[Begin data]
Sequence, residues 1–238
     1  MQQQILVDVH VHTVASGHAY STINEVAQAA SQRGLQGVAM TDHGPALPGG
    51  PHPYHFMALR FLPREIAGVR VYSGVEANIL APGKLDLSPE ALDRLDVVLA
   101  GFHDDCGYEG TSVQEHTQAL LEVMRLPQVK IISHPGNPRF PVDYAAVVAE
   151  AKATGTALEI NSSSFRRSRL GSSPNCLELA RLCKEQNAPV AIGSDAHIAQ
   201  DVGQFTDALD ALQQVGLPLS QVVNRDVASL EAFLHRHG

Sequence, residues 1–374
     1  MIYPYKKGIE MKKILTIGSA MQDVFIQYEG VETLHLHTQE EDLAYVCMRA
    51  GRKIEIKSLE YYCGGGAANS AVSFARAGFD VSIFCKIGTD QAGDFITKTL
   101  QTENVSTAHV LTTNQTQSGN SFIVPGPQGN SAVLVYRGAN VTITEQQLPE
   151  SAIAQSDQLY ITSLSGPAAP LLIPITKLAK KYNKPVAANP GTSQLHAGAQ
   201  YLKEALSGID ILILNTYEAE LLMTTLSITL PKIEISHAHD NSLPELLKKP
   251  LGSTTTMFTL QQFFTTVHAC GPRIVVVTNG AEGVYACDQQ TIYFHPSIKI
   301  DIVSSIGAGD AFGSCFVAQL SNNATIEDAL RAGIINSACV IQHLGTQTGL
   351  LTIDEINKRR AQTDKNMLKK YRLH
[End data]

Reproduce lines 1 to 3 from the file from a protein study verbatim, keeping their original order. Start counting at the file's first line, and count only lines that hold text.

Sequence, residues 1–238
     1  MQQQILVDVH VHTVASGHAY STINEVAQAA SQRGLQGVAM TDHGPALPGG
    51  PHPYHFMALR FLPREIAGVR VYSGVEANIL APGKLDLSPE ALDRLDVVLA